Sitting in a pool of sunlight, Dorothy Mary de Bruyn’s face lit up when she was handed a bright bunch of flowers and a special card on the afternoon of her 100th birthday.
Her family celebrated her centenary a few days earlier, to coincide with a visit from daughter Rosalie who lives in the UK, but management and staff of Rand Aid’s Ron Smith Care Centre, where Dorothy lives, made sure that her actual birthday was memorable too.
Dorothy was born in Johannesburg on August 21, 1918. Her parents were Evelyn May and Robert Johnston. The families were originally from North Yorkshire and the Loch Lomond area of Scotland respectively.
She spent her early life in Johannesburg and was educated by nuns at the Belgravia convent. Her father drove the first steam engine to Swaziland and the family spent many years living in Carolina.
Dorothy’s childhood was dedicated to ballet and at the age of 16 she passed the Royal Academy of Ballet Elementary exam and started teaching.
The family had by this time moved back to the East Rand where her father was the engineer at the Far East Rand hospital. She met and married Christian Mauritz de Bruyn. As a couple, they were keen ballroom dancers and gave exhibitions at local dances.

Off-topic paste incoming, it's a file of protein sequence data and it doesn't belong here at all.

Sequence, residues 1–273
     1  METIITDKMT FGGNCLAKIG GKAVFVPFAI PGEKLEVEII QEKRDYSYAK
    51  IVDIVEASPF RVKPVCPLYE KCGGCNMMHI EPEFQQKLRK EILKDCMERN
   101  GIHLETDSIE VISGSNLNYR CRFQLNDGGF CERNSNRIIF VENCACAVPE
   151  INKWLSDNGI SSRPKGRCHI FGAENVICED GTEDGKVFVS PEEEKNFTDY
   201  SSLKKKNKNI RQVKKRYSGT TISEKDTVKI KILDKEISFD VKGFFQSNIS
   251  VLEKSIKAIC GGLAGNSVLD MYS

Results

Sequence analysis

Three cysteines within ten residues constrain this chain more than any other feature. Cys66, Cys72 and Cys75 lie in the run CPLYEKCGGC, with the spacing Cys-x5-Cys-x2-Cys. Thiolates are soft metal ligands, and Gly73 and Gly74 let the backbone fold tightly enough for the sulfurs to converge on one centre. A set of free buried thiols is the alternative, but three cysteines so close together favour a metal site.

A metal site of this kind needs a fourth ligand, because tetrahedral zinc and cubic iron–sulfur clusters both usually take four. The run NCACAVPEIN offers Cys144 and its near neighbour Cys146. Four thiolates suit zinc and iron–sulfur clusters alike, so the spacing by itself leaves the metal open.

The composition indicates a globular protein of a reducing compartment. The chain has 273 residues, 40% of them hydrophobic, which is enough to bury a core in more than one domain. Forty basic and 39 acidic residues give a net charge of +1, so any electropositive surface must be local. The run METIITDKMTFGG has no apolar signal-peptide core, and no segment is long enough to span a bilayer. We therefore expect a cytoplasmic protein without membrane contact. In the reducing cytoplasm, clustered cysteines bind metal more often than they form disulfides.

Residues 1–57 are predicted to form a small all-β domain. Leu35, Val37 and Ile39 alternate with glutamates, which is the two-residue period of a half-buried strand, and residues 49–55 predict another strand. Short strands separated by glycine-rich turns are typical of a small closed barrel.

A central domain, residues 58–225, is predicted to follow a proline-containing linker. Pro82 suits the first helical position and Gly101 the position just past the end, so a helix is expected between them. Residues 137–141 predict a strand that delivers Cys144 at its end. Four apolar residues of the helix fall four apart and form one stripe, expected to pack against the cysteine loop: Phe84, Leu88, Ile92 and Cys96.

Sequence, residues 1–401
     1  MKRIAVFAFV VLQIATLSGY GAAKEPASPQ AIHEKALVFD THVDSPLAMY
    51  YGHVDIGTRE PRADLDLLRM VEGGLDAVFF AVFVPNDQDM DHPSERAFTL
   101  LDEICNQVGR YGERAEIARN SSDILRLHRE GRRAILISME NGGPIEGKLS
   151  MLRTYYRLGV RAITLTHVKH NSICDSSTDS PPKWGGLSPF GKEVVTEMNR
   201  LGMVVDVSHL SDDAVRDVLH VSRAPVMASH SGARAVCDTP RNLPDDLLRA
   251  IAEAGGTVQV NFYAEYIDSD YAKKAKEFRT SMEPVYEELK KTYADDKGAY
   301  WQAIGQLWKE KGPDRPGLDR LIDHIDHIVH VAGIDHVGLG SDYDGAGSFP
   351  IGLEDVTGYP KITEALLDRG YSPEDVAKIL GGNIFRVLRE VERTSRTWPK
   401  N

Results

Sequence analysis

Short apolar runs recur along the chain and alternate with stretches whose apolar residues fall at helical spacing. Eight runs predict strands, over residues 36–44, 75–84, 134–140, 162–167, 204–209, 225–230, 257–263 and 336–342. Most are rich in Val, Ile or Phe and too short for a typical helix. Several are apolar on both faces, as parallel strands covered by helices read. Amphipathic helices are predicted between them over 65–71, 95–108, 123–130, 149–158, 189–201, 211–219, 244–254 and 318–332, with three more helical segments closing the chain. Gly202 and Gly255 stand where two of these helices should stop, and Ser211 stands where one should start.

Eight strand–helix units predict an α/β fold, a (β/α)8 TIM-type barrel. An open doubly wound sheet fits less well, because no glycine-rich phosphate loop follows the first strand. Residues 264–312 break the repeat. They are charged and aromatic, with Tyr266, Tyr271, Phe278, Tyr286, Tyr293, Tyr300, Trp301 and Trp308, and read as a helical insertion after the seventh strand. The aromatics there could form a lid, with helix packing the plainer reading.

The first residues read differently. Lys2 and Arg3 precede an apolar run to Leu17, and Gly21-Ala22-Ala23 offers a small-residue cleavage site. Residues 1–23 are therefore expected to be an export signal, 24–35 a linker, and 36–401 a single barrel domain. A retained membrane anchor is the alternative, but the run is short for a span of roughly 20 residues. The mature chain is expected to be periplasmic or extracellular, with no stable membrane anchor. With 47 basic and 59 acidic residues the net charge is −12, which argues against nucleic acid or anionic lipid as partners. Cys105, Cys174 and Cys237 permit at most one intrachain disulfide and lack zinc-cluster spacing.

They settled in Brakpan and Dorothy’s first ballet studio was in Kitzinger Avenue. She was a well-known ballet teacher on the East Rand at a time when June Meyer, the Gardener sisters, Rosemary Wilson and Thelma Isaacs were all active and teaching. A highlight of the dancing calendar was the Springs Eisteddfod where everyone competed.
She has had a lifelong love and enthusiasm for ballet and even took her studio to see Nadia Nerina and the Royal ballet when they toured South Africa in the 50s.
Their son Chris was born in 1944 and worked as an engineer for South African airways. Rosalie was born in 1950 and worked as a paediatric radiologist at Great Ormand Street children’s hospital after immigrating to the UK. Dorothy has five grandchildren and six great grandchildren.
In the 60s and 70s she travelled weekly from Brakpan into the Platteland and had large ballet studios in Bethal and Ermelo. She was very highly regarded and became an examiner for the Royal Academy of Dancing. At the age of 50, she learned and took all the examinations in Classical Greek dancing and became very knowledgeable about Greek mythology.
This led to her choreographing a dance of Persephone, the Queen of the Underworld, coming back from the Underworld carrying a pomegranate. In later years, she helped former pupils like Jacqui Chalom teach before finally retiring in her late 70s.
Dorothy has always lived her life with enormous energy and enthusiasm. She particularly loved travelling and exploring new places. She was a regular visitor to the UK but particularly like the buzz of the markets in Hong Kong and Bangkok.
“She loves food and going to good restaurants and she never forgot a good meal or how much it cost! She has a lovely sense of humour and her granddaughter has abiding memories of her saying she ‘was as full as a tick’ after a particularly filling meal,” shares Rosalie.